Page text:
How should a profiling bed be used?

 

 

ARTICLE WRITTEN BY SYLVIE HAMPTON


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Most standard beds are flat based with a pull-out backrest, resulting in a tendency for the patient to slide down the bed and this increases potential for shearing forces. 

The right bed can enhance the quality of life of those who use them. Poorly designed or inappropriately chosen beds can have a significant detrimental effect (Harber et el 1987; Rush 2005).

In healthcare, around 5000 manual handling injuries are reported each year and accounts for 40% of all sickness absence with an associated cost of £400 million each year (The management of health, safety and welfare issues for NHS staff (Second edition) NHS Employers 2005). Corr (2005) stated that electric profiling beds will improve care and save money in the long term by reducing the manual handling injuries. Hampton (1998) identified a 75% reduction in the use of air mattresses on a ward that was using profiling beds and this has a cost saving. Combined with an automatic lateral tilt mattress, the cost saving in nursing time and maintenance of air mattresses is considerable.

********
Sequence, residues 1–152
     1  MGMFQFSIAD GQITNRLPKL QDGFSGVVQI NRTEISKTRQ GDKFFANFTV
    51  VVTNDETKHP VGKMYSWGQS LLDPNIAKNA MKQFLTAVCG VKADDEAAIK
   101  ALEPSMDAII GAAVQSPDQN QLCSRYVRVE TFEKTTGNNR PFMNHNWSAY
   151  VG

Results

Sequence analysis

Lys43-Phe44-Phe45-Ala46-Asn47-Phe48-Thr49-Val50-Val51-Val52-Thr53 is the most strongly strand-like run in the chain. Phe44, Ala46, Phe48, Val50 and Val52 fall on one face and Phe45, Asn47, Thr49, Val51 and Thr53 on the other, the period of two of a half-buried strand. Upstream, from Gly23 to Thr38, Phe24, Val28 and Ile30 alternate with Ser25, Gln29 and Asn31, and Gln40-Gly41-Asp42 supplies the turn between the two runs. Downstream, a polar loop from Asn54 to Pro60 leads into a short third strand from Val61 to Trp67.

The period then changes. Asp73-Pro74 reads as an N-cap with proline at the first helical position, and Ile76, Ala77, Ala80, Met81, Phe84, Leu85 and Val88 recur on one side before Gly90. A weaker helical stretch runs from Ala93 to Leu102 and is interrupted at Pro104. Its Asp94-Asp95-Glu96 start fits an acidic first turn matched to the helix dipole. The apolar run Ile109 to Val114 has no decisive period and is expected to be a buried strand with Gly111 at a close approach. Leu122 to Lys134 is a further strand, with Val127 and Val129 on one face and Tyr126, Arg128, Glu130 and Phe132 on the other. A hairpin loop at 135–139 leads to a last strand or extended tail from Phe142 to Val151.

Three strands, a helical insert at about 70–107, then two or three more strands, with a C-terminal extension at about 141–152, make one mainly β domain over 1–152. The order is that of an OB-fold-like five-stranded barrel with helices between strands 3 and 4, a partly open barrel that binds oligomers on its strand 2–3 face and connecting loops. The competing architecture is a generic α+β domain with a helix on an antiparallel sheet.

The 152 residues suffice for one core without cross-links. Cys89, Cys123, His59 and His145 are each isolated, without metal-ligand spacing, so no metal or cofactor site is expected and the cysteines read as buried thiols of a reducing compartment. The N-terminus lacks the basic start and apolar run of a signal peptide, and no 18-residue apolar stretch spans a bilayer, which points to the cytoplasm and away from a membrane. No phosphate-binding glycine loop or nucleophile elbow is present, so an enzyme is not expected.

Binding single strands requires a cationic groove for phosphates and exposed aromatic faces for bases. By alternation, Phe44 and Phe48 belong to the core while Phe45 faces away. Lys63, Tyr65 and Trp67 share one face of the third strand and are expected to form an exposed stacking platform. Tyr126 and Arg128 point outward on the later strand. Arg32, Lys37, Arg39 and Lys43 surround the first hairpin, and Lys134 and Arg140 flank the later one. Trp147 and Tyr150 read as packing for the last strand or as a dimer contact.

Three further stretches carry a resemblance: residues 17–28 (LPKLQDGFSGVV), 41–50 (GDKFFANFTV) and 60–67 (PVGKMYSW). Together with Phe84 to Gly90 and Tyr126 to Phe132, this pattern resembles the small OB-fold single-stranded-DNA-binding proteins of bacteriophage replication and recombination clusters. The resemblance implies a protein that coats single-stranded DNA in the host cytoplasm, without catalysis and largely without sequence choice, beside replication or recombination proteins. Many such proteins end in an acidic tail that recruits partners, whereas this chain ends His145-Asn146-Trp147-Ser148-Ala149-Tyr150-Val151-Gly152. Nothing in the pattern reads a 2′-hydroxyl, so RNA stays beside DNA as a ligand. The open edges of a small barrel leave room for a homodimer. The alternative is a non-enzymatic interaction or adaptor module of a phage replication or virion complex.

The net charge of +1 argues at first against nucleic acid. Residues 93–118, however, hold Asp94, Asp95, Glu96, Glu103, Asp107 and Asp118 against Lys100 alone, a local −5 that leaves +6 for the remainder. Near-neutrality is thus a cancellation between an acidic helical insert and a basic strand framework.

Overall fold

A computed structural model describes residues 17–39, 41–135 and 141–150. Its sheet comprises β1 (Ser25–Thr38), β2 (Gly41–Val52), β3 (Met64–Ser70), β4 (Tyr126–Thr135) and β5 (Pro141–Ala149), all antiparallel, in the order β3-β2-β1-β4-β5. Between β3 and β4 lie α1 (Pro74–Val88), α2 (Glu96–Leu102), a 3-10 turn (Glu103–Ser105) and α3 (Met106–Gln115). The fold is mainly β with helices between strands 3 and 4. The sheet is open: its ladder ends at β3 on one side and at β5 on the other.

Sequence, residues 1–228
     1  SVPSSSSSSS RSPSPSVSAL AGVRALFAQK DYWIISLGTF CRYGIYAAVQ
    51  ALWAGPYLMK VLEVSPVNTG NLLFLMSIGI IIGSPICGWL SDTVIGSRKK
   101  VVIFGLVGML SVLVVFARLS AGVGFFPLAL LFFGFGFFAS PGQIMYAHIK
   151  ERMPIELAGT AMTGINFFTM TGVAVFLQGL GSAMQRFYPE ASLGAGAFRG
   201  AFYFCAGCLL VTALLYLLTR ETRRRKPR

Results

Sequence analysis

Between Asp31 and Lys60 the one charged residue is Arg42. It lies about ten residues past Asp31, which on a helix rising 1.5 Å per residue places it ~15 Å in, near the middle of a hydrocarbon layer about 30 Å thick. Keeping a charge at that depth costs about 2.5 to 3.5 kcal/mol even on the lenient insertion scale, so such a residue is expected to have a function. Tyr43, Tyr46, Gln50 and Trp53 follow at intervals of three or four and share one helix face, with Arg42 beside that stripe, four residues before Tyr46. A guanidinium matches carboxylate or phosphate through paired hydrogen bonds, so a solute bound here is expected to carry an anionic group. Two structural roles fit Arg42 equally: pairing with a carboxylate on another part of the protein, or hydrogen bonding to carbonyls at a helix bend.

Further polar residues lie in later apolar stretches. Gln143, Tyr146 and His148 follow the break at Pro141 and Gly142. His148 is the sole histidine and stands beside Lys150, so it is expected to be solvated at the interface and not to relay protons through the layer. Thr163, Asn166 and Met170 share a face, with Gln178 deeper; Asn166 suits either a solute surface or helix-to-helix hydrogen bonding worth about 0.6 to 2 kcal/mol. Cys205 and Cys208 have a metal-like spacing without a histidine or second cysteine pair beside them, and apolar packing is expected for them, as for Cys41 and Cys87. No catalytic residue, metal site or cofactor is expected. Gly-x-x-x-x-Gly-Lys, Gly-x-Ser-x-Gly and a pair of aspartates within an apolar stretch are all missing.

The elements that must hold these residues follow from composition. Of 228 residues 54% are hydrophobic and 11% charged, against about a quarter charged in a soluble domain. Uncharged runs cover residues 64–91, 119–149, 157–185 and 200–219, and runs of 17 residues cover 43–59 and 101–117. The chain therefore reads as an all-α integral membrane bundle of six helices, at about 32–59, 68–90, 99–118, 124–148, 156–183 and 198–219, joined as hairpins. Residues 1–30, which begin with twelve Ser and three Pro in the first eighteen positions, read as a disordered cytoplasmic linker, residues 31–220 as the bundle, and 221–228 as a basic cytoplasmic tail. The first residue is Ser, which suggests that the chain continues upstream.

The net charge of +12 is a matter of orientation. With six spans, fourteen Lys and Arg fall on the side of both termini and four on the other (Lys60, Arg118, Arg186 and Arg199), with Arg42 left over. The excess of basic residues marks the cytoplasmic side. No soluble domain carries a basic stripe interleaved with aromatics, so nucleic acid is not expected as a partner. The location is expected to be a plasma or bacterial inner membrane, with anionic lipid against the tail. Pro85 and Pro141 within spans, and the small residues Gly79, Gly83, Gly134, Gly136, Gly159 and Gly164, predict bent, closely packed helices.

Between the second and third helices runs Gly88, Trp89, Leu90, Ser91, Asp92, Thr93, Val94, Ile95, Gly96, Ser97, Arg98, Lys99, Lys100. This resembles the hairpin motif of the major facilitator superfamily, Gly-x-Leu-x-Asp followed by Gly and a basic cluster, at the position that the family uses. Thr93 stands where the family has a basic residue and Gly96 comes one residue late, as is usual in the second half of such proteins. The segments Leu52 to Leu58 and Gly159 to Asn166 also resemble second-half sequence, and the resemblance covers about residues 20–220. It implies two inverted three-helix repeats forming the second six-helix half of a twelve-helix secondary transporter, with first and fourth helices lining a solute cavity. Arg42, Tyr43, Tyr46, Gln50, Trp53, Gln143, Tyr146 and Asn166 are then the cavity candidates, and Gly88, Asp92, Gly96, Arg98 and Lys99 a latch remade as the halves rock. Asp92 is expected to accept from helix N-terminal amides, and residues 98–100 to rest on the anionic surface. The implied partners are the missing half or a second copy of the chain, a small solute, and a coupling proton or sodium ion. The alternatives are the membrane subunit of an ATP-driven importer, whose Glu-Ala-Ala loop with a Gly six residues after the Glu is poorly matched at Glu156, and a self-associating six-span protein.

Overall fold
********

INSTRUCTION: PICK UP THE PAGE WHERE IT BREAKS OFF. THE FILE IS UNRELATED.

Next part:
There is certainly a lower risk level in terms of posture when using profiling beds compared to standard beds as well as reduction in the steps needed to complete the task. (Hignett and McAtamney, 2000). 

A study by Dealey and Keogh reviewed 70 patients on profiling beds. They identified that all the patients (35) on profiling beds were able to maintain a sitting position compared with only 12/35 in the control group. These results suggest there were significant differences in postural control and ease of transfer on profiling beds.

In the study by Hampton (1998), nurses reported it was significantly easier to transfer patients from bed to chair than those who were using standard beds. Used in conjunction with appropriate pressure relieving mattresses can reduce the incidence of pressure sores and reduce manual handling requirements.

The profiling bed should always have the knees profiled prior to the bed head. This ‘anchors’ the resident and prevents sliding and shear.

The slightest alteration in the back rest will realign the resident and reduce the potential for pressure ulcers.

The raise and lower function should be raised to a comfortable height for transfer from bed to chair and also to accommodate care, the bed should be raised to the comfortable height for the carers.


 
 

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